At first I included very small particulars of functional effect of any kind that made a practical difference to daily life . . . a shelf beside the door where one could put a packet down while searching for one’s keys, for instance, or the possibility of a sunbeam coming into a room and falling on the floor.
I soon realized that some of these details were very much more significant than others. Those like the first (the shelf) tended to be pedestrian, even though useful; while those like the second (the sunbeam) were more uplifting, and clearly mattered more in some obvious but profound sense. They had a greater impact on people’s mental and emotional health. And they had more to do with beauty. So I began to focus on those miniscule points that mattered more, in the sense of the second example. Gradually, then, I was able to see how buildings support human well-being—not so much mechanical or material well-being, but rather the emotional well-being that makes a person feel comfortable in himself. And as I studied these small effects carefully, gradually I was led to a conception of the wholeness and wellness that might, under ideal circumstances, arise between buildings and human beings.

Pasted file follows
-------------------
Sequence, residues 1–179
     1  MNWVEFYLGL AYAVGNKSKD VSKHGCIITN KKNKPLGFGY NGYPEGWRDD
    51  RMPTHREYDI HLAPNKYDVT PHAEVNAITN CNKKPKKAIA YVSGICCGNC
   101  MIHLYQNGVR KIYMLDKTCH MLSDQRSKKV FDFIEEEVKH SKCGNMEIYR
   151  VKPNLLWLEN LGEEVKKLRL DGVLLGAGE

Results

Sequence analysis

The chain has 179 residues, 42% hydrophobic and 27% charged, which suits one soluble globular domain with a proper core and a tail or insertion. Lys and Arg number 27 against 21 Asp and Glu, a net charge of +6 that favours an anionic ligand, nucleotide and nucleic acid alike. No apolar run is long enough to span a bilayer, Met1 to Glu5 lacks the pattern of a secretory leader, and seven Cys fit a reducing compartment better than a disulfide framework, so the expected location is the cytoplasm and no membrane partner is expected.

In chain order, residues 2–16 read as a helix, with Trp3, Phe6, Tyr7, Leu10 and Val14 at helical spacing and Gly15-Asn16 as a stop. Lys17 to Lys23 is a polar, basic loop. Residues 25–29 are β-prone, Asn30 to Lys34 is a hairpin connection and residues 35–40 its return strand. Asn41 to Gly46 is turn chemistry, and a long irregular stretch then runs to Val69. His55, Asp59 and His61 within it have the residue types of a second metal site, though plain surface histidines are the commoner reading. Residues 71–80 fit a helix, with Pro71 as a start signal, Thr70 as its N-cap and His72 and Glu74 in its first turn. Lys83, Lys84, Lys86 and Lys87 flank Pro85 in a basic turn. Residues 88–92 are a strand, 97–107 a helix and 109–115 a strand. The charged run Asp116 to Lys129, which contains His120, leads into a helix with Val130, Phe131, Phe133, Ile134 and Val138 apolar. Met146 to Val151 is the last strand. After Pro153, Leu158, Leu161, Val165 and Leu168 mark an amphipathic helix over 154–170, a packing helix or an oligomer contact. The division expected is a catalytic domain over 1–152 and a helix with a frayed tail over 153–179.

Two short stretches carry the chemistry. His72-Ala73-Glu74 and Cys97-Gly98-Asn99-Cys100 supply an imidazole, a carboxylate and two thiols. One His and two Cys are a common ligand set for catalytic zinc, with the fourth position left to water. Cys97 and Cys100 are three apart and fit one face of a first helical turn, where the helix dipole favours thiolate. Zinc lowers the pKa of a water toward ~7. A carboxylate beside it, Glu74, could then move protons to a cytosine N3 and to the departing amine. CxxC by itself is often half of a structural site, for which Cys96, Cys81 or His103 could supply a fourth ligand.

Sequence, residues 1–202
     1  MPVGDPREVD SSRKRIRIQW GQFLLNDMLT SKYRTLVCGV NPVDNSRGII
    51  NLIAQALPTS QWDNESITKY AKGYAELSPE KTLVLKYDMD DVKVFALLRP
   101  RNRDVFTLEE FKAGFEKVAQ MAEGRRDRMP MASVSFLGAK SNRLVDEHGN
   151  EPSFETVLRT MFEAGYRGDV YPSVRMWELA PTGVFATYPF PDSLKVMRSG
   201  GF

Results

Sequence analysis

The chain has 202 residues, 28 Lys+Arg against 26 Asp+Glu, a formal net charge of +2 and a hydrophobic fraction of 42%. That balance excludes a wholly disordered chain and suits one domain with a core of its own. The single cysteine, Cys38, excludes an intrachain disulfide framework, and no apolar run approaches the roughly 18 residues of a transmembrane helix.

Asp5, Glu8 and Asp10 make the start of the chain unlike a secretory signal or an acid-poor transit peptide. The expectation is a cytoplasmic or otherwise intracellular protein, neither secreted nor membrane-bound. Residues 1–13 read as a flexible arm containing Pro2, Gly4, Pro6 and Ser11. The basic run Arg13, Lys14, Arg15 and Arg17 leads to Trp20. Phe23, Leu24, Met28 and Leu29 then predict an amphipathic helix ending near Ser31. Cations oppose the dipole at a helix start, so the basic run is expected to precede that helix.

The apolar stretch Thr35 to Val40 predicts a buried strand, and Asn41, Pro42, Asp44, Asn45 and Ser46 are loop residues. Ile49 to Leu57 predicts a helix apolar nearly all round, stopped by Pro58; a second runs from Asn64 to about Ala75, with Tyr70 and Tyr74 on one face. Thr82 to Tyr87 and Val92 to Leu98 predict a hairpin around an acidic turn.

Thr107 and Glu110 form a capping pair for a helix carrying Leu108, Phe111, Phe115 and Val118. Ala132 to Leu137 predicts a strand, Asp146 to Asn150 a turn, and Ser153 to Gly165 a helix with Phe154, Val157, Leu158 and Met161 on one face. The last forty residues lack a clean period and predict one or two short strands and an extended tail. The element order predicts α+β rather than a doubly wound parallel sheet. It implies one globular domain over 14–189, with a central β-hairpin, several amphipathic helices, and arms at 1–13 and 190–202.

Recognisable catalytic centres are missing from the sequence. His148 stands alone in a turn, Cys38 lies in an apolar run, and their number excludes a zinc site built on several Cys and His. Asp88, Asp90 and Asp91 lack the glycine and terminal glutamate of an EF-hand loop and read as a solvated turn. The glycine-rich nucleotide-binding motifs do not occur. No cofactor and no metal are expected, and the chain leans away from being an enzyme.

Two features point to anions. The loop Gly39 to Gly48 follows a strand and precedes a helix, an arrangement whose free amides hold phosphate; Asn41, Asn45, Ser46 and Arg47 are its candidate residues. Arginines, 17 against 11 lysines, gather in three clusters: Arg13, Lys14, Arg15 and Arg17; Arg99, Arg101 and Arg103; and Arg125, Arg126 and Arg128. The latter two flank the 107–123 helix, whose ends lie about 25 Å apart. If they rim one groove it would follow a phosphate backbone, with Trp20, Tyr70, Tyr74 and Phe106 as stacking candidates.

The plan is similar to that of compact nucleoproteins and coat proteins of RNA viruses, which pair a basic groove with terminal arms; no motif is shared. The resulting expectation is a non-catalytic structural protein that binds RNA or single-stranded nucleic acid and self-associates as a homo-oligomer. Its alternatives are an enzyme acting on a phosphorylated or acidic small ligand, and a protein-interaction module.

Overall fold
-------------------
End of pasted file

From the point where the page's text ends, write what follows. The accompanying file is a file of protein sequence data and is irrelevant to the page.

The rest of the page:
Starting with these humble and detailed pictures of what seemed to matter in a building, for fifty years I have struggled to provide a basis for architecture that can sustain human feeling and the human spirit. I made an effort to penetrate the logic of architecture, and the logic of architectural value, in the hope that I could alter the devastating effect on human beings and on human society of what had become known as “modern” architecture. I hoped to replace this faceless thing with an idea and practice of architecture that would help us sustain the sanctity of life, both in our hearts and in society.